Warehouse space in Benton and Washington counties totals 28 million square feet, according to a second quarter 2016 market research report done by Xceligent, a commercial real estate research information and marketing firm based in Kansas City, Mo. However, according to the same report, half of that is considered light industrial space and so only about 14 million square feet in NWA is true warehouse space. Of that space, the vacancy rate is only about 5% and dipped as low as 4% last year.

“It is very difficult when seeking space for occupiers of (warehouses) to go out and quickly identify space. And that really ranges from whether you’re needing 10,000 square feet of space up to these larger users seeking 100,000 square feet and above. It’s a challenge with the current landscape of the market just to find available warehouse space,” said David Erstine, vice president of CBRE Group, a national commercial real estate brokerage firm based in Fayetteville.

The shortage is a result of Northwest Arkansas’ growth pushing demand for modern  warehouses well ahead of supply. The warehouses in existence tend to be functionally obsolete for what companies need.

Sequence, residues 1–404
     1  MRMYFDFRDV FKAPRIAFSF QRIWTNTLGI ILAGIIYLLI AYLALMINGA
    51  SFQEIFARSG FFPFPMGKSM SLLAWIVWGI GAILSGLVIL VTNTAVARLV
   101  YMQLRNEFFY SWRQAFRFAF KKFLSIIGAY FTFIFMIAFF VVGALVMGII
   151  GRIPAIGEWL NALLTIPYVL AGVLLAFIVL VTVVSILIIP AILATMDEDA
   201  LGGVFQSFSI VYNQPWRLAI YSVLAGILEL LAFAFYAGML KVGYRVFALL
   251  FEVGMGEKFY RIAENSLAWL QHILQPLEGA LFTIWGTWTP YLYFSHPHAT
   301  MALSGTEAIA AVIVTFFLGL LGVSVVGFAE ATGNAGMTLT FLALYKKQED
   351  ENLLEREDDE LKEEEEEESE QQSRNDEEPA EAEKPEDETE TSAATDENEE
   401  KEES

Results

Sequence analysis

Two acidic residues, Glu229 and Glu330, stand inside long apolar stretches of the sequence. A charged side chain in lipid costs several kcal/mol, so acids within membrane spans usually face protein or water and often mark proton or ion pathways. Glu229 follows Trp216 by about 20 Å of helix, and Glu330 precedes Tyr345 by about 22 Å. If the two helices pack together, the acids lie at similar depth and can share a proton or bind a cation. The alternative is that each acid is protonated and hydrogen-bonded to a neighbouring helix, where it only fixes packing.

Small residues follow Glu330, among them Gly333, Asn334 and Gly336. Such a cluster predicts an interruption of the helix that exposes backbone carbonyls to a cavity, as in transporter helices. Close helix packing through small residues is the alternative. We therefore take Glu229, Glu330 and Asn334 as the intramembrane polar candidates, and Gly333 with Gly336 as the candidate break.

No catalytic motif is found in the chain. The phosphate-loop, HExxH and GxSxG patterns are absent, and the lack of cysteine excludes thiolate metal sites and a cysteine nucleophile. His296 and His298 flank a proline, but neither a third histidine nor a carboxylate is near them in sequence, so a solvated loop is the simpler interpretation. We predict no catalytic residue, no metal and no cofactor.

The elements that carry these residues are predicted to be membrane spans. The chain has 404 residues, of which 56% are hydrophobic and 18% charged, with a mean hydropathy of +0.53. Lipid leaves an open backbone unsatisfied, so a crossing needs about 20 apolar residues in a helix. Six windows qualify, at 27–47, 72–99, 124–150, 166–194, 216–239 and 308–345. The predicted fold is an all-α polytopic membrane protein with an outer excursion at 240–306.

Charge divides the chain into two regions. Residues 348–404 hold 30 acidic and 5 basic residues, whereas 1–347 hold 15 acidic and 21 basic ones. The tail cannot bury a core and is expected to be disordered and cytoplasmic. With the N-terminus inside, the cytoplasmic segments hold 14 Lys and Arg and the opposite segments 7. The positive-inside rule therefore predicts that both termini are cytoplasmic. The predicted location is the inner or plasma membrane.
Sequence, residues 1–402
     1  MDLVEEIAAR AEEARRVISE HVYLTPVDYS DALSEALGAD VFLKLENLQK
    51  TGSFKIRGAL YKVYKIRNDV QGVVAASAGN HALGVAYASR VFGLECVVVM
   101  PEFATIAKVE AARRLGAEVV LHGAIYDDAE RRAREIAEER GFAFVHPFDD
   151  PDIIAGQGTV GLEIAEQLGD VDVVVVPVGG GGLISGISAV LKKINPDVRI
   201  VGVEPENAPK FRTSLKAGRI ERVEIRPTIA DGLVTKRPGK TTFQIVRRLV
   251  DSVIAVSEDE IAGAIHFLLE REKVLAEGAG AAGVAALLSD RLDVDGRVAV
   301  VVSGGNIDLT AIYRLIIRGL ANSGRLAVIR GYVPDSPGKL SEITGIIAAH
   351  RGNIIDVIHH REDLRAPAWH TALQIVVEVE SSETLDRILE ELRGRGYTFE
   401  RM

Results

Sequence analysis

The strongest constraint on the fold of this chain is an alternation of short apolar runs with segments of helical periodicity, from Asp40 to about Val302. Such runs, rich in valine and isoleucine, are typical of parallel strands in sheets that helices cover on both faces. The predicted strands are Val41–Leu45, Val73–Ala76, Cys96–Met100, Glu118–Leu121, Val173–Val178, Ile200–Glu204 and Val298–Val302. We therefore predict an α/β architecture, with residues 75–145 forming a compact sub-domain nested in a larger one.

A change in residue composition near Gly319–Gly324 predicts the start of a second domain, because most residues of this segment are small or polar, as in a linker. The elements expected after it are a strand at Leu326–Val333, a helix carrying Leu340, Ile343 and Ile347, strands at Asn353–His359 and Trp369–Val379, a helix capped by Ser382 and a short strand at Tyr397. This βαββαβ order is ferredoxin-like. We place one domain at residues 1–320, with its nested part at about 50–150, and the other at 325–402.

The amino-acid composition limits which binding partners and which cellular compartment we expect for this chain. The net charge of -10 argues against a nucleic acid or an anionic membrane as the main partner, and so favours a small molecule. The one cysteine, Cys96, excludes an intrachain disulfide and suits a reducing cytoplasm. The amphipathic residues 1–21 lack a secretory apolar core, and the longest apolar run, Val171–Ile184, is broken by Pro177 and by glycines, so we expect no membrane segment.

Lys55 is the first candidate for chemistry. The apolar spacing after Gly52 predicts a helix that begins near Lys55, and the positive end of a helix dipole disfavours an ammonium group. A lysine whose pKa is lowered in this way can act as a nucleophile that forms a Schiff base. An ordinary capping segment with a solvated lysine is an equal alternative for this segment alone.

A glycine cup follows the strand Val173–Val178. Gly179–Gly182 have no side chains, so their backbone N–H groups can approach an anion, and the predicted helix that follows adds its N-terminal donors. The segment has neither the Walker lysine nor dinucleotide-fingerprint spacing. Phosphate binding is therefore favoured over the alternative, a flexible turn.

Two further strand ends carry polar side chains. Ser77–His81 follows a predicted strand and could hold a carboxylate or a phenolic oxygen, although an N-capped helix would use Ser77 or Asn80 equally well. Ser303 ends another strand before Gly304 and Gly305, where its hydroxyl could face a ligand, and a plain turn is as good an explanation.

“A lot the warehouse space that we do have across the region right now is not ideal, it doesn’t have high ceilings or the kinds of loading docks or the kinds of layouts that modern supply chain management would need,” said Kathy Deck, director of the Center for Business and Economic Research at Sam M. Walton College of Business at the University of Arkansas.

“They need higher ceilings, a type of sprinkler, a type of lighting, a type of construction. … All of that factors in, so you might have some vacancy here and there in the market, but a lot of it might have lower ceiling heights and loading that’s tougher to get in and out of,” said Marshall Saviers, president of Sage Partners. “So, if there is any vacancy here, usually it’s not very functional. That, combined with high growth in the area, creates a real strain on the market.”